Here’s a pack of water detecting sensors. They offer a great way to detect a leak, spill, flood, rain, etc. Use them to check for the presence, level, volume, or absence of water. The sensor has an array of exposed traces, which indicate LOW when water is detected.

Wiring Diagram for Water Leak Detector

Putting them together is simple. I chose to power the sensor with the VIN pin to give it close to 5v of power. However, this setup can still work with drawing 3.3v power to the sensor. Then, connect the S (signal) pin to A0 (analog) on the microcontroller. 

Note: Yes, I know that three microcontrollers and 5 sensors don’t match up. But neither does a 10 pack of hot dogs and an 8 pack of hot dog buns. 


Program the device (with Zentser)

There are two main steps to tie your hardware to a smart cloud-enabled mobile app. 

1. Partition the device in Zentser

Download the Zentser app (iOS or Android.) Sign up. Create a new device. Then copy the certificates and IDs for your partitioned device to be used in coding later.

Zentser screen with needed code
2. Flash your device with custom code

In Arduino IDE (download), go to Tools > Manage Libraries. Install ‘Zentser ESP SDK’ and its dependencies.

Arduino steps to install package

Then you can use the following code. Make sure to replace the WiFi credentials with your SSID and password. Then replace the certificates and IDs that you got from a step above and paste it between the “// --- START ---” and “// --- END ---” lines.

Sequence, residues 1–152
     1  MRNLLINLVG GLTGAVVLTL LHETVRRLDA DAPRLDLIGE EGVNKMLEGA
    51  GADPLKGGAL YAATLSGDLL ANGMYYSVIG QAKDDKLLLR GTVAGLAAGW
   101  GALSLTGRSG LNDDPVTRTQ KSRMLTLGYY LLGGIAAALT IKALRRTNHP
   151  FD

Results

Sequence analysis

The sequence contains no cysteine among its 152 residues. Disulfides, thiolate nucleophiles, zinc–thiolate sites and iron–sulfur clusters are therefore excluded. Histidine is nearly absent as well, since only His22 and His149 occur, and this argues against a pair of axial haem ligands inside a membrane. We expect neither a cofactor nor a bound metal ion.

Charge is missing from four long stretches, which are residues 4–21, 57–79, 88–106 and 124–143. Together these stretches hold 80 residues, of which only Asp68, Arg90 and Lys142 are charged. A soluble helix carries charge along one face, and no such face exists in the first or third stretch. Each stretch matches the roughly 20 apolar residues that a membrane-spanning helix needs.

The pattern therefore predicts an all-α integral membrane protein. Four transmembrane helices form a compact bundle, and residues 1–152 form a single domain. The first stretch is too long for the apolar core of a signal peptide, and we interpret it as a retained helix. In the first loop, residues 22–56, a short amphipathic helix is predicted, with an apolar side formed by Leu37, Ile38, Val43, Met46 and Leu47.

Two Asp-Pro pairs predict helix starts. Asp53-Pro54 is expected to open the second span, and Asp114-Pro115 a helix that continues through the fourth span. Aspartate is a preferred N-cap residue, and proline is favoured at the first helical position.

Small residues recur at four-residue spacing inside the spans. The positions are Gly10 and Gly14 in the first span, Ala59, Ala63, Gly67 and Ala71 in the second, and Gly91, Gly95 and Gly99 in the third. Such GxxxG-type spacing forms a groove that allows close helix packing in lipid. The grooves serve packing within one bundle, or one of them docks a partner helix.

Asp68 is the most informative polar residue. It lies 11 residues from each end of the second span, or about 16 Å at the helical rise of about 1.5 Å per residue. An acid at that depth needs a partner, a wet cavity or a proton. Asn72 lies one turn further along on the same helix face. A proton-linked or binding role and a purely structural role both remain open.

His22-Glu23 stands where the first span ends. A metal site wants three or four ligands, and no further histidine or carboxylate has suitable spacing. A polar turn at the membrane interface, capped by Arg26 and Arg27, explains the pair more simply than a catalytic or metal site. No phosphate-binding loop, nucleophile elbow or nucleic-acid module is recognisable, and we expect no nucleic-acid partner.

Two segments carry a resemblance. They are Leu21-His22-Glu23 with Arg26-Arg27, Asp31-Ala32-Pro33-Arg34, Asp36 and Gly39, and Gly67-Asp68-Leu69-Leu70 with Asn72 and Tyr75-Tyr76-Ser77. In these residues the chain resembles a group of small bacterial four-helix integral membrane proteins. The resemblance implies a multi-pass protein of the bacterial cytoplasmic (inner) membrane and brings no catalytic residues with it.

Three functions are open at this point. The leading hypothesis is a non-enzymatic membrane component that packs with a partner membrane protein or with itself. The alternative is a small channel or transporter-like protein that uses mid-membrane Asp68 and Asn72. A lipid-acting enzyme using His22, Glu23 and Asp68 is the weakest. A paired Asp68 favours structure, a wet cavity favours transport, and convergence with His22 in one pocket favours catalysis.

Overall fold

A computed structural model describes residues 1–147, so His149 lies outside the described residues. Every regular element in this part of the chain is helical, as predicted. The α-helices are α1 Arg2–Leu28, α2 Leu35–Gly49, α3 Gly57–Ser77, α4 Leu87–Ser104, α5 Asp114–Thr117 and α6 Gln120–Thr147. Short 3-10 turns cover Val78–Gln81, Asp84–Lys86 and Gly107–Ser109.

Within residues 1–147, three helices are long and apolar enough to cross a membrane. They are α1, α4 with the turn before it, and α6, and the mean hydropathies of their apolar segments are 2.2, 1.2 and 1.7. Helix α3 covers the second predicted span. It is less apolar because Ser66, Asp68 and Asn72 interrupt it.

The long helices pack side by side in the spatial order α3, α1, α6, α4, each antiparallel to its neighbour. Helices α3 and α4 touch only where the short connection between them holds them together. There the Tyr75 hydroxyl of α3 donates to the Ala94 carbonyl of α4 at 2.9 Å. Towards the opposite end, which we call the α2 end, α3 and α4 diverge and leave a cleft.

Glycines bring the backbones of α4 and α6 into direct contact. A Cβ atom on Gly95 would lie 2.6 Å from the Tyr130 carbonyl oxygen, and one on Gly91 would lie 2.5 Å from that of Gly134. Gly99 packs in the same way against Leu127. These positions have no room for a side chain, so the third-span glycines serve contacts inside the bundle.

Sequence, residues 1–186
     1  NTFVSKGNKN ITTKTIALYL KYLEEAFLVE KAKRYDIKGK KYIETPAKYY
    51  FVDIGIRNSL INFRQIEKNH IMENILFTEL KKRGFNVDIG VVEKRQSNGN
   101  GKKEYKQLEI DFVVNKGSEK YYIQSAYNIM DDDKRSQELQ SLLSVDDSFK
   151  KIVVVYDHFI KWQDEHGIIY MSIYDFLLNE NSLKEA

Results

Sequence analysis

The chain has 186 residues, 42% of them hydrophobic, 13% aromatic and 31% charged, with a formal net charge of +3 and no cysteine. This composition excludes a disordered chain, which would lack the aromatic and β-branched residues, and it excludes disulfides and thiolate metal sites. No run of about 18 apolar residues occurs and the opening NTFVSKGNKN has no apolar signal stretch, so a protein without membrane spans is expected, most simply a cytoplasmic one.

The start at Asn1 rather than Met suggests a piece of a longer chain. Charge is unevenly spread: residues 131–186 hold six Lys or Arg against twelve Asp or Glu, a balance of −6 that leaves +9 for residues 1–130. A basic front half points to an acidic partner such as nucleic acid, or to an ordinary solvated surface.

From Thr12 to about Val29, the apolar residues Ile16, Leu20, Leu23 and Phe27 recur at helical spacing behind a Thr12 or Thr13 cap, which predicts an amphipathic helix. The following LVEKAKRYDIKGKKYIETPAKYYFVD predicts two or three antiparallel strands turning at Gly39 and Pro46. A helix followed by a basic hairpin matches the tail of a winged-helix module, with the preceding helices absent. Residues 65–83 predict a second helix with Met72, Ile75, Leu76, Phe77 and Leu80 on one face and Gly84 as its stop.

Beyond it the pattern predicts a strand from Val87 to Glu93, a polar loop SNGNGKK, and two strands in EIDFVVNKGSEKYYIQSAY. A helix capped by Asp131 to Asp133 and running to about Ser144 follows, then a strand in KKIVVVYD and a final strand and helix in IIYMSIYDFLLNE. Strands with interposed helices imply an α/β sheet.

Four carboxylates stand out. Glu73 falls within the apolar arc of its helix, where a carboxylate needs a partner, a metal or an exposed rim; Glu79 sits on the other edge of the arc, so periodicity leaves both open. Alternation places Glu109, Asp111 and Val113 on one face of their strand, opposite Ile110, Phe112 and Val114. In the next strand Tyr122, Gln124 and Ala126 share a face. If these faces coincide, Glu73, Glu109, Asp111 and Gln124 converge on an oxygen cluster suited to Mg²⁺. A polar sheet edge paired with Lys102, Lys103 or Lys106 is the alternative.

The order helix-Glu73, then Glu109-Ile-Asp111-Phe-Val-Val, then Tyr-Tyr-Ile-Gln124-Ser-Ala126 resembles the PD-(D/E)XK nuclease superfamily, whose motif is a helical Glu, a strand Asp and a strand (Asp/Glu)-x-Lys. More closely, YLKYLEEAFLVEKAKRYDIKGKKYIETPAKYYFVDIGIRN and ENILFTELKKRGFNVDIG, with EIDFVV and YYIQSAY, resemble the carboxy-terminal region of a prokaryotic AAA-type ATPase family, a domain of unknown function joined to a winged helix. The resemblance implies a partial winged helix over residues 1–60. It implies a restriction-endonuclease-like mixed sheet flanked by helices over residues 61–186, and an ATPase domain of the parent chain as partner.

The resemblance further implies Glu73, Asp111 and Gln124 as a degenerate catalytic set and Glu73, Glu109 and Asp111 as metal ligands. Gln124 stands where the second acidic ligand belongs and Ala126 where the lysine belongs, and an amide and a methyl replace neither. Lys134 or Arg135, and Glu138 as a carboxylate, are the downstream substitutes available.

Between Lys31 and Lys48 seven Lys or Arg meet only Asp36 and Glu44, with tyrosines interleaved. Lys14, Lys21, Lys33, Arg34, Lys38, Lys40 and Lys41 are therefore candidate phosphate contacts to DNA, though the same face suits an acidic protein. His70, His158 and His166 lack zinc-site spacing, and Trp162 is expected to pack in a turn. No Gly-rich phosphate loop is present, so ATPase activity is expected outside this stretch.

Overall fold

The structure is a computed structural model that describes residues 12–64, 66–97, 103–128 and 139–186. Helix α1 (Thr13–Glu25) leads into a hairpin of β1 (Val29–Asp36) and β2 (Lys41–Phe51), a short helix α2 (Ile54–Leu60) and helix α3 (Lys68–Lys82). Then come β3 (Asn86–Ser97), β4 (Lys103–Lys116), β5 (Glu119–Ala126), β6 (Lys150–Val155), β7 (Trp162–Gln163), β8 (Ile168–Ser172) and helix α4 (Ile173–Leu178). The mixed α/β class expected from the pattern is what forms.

#include
/*#include */

const int analogInPin = A0;

int sensorValue = 0;
int sensorPercentValue = 0;

char const *ssid = "YOUR_WIFI";
char const *wiFiPassword = "YOUR_WIFI_PASSWORD";

// Replace on generated code from Zentser Application
// --- START ---
static const char caCert[] PROGMEM = R"EOF(
/* CA CERTIFICATE */
)EOF";

static const char cert[] PROGMEM = R"KEY(
/* CERTIFICATE */
)KEY";

static const char privateKey[] PROGMEM = R"KEY(
/* PRIVATE_KEY */
)KEY";

String deviceId = "YOUR_DEVICE_ID"; // Zentser Device ID
String sensorId = "YOUR_SENSOR_ID"; // Zentser Sensor ID

// --- END ---

AWSConfig aws = AWSConfig(deviceId, sensorId); // init AWS function

// Function to connect to WiFi
void connectToWiFi() {
Serial.print("\nConnecting to AP ...");